In this case, there can be no serious argument that the performance of Hilliard's lawyer was acceptable. He admitted in deposition testimony that he failed to timely file a motion for a new trial because he misapprehended the filing deadline. Not filing a dispositive motion, particularly when directed to do so by the district court, is a classic dereliction of an attorney's obligation to provide his client with the type of performance required by the Sixth Amendment. Accord Hollis v. United States, 687 F.2d 257, 259 (8th Cir.1982) (holding that counsel's failure to timely appeal his client's case demonstrated "such an extraordinary inattention to a client's interests as to amount to ineffective assistance" (quoting Williams v. United States, 402 F.2d 548, 552 (8th Cir.1968))).
We must next ascertain whether Hilliard has shown he was prejudiced by his lawyer's mistake. To do so, he must show that absent the mistake, there is a "reasonable probability" that the outcome of the proceeding would have been different. Strickland, 466 U.S. at 694, 104 S.Ct. 2052. This determination turns on whether or not there was an appropriate basis for granting Hilliard's new trial motion had it been timely filed. See, e.g., DeRoo v. United States, 223 F.3d 919, 926 (8th Cir.2000) (finding no prejudice where counsel's alleged deficiency was not filing a motion to dismiss the indictment and there was no "reasonable probability" the motion would have been successful); see also Butcher v. United States, 368 F.3d 1290, 1294-95 (11th Cir.2004) (reviewing the merits of petitioner's untimely new trial motion to determine if he was prejudiced by counsel's failure to timely file it).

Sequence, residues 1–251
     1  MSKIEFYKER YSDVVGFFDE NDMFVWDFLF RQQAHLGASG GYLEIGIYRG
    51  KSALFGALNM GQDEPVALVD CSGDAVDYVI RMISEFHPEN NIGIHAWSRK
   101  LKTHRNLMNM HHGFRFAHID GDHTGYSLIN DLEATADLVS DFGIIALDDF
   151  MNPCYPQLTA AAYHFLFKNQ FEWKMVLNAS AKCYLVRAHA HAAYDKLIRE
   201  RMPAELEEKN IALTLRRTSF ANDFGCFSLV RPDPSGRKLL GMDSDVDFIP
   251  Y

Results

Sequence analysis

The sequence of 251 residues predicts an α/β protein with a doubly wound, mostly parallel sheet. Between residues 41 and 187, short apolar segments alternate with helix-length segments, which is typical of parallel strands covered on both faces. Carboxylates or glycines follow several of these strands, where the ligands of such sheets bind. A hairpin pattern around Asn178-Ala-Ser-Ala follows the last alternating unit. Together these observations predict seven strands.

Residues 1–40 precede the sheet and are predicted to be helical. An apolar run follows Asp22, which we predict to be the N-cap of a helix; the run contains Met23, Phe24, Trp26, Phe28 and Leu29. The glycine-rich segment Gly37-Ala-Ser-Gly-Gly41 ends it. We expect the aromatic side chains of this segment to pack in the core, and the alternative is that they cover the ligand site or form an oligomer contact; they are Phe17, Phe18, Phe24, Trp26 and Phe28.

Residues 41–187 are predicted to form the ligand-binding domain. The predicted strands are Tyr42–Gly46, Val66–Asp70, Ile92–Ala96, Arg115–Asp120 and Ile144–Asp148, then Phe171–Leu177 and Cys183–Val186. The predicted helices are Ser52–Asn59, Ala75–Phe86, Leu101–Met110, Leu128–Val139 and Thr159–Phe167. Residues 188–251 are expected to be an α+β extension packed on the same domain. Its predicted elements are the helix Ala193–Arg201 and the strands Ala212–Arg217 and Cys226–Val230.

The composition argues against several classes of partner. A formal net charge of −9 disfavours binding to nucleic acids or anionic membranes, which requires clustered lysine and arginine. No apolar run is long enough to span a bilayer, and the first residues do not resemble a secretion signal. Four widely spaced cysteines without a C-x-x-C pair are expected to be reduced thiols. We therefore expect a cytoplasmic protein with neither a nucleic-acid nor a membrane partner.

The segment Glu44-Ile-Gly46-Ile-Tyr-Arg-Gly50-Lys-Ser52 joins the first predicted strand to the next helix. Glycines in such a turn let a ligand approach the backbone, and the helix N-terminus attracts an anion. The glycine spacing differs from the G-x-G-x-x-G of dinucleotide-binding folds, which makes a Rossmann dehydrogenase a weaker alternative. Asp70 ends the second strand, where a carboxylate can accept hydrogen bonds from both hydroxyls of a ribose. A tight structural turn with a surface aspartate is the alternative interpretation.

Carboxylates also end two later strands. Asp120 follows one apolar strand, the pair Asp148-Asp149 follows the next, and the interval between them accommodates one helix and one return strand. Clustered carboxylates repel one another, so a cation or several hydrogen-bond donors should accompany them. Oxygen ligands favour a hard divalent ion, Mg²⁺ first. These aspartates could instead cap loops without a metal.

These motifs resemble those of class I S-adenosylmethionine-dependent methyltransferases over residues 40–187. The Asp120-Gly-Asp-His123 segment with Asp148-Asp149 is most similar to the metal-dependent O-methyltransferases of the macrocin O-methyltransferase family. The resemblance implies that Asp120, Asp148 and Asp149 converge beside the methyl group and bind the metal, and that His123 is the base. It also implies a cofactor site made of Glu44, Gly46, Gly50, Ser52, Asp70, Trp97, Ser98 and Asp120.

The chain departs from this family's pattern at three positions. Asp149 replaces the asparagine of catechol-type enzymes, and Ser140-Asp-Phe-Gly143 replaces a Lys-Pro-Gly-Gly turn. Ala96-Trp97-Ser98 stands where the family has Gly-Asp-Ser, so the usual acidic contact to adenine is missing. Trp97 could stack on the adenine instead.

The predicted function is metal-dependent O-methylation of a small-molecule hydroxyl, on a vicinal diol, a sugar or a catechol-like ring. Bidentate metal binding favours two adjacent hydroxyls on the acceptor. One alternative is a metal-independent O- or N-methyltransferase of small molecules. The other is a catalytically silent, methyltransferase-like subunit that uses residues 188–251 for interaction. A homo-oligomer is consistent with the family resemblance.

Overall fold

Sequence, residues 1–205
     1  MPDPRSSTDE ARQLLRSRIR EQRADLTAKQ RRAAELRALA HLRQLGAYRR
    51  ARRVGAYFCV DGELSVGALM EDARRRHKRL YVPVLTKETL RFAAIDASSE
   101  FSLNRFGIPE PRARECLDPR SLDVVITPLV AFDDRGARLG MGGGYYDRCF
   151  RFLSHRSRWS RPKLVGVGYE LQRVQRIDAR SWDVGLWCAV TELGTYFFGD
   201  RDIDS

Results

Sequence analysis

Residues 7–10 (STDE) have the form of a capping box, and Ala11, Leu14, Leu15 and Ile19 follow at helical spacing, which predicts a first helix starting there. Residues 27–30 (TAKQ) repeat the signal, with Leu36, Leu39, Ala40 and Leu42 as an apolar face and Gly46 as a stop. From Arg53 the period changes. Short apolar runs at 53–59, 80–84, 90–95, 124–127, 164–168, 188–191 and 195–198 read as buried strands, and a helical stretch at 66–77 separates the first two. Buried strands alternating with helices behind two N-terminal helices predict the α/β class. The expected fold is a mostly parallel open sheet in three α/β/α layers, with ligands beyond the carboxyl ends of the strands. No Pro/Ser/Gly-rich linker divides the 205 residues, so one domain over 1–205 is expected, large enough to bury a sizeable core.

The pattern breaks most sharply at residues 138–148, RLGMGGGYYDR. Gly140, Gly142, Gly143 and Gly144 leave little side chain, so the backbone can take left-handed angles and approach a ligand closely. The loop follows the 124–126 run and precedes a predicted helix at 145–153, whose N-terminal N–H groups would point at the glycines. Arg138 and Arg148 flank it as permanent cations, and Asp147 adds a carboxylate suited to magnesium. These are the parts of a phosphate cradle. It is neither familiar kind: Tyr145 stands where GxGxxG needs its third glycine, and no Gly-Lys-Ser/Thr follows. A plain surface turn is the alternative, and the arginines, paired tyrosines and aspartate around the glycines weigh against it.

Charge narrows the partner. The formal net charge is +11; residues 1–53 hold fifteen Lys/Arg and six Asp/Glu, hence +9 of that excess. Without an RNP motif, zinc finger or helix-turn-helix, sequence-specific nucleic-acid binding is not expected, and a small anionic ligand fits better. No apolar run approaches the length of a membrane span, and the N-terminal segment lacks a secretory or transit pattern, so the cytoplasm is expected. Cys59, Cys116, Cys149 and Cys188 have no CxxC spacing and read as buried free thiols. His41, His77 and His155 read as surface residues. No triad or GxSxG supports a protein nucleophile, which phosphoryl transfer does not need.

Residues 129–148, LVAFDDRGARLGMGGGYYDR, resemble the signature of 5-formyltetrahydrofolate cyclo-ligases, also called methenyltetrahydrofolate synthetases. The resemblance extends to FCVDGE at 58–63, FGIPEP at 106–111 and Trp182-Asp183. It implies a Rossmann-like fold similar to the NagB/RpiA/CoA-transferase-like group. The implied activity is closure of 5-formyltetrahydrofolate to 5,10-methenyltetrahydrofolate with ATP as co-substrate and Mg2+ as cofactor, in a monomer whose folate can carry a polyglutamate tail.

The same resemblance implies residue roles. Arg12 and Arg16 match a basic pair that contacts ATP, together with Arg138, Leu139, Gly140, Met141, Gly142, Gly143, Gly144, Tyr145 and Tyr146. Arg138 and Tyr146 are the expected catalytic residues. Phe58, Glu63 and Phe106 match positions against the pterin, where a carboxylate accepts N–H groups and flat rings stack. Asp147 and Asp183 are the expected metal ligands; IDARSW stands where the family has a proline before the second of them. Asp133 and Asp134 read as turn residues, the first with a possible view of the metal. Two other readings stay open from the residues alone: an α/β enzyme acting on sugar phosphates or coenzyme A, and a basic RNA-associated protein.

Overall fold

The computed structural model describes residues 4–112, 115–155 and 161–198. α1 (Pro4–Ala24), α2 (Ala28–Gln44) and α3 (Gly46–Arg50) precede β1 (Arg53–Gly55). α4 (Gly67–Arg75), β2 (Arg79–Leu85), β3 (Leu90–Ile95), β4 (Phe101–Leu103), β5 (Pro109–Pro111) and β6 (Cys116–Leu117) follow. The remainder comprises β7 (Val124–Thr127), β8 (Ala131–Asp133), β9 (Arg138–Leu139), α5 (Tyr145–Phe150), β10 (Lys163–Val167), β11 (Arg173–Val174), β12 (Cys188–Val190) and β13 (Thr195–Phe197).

Federal Rule of Criminal Procedure 33 accords the district court the power to "vacate any judgment and grant a new trial if the interest of justice so requires." The court may grant a new trial motion where it finds that the verdict is "contrary to the weight of the evidence," United States v. Huerta-Orozco, 272 F.3d 561, 565 (8th Cir.2001), and the decision to grant or deny such a motion rests "within the sound discretion of the trial court," United States v. Campos, 306 F.3d 577, 579 (8th Cir.2002). The court should grant the motion where the evidence presented weighs heavily enough against the verdict that the court believes a "miscarriage of justice may have occurred." Huerta-Orozco, 272 F.3d at 565 (quoting United States v. Lincoln, 630 F.2d 1313, 1319 (8th Cir.1980)). Unlike a motion for acquittal, which requires the district court to consider all evidence in the light most favorable to the guilty verdict, a court considering a new trial motion is free to evaluate the evidence and credibility of the witnesses. Id. at 565, 567; see also United States v. Espinosa, 300 F.3d 981, 983 (8th Cir.2002) (recognizing that "[t]he standard for granting a motion for new trial is somewhat less exacting [when compared to a motion for acquittal] because the evidence need not be viewed in the light most favorable to the government").